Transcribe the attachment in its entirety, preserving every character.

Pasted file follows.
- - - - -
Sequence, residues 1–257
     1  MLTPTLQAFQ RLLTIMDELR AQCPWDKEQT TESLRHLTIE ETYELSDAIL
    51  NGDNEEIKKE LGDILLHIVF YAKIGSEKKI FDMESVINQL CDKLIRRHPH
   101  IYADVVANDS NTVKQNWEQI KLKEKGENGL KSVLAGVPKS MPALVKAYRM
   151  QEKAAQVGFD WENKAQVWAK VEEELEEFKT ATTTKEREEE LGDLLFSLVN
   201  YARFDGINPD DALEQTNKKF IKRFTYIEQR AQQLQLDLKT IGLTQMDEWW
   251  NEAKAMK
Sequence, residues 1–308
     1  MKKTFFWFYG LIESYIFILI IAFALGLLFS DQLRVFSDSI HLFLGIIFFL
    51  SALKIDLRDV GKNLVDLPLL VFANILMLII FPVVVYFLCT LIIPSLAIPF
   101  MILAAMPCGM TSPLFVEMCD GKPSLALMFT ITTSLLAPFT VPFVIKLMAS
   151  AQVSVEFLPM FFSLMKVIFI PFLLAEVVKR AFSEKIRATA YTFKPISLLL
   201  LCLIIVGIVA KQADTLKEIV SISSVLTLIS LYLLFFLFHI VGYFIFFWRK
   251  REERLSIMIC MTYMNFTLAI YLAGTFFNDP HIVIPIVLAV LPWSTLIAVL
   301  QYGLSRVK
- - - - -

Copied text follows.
Sequence, residues 1–257
     1  MLTPTLQAFQ RLLTIMDELR AQCPWDKEQT TESLRHLTIE ETYELSDAIL
    51  NGDNEEIKKE LGDILLHIVF YAKIGSEKKI FDMESVINQL CDKLIRRHPH
   101  IYADVVANDS NTVKQNWEQI KLKEKGENGL KSVLAGVPKS MPALVKAYRM
   151  QEKAAQVGFD WENKAQVWAK VEEELEEFKT ATTTKEREEE LGDLLFSLVN
   201  YARFDGINPD DALEQTNKKF IKRFTYIEQR AQQLQLDLKT IGLTQMDEWW
   251  NEAKAMK
Sequence, residues 1–308
     1  MKKTFFWFYG LIESYIFILI IAFALGLLFS DQLRVFSDSI HLFLGIIFFL
    51  SALKIDLRDV GKNLVDLPLL VFANILMLII FPVVVYFLCT LIIPSLAIPF
   101  MILAAMPCGM TSPLFVEMCD GKPSLALMFT ITTSLLAPFT VPFVIKLMAS
   151  AQVSVEFLPM FFSLMKVIFI PFLLAEVVKR AFSEKIRATA YTFKPISLLL
   201  LCLIIVGIVA KQADTLKEIV SISSVLTLIS LYLLFFLFHI VGYFIFFWRK
   251  REERLSIMIC MTYMNFTLAI YLAGTFFNDP HIVIPIVLAV LPWSTLIAVL
   301  QYGLSRVK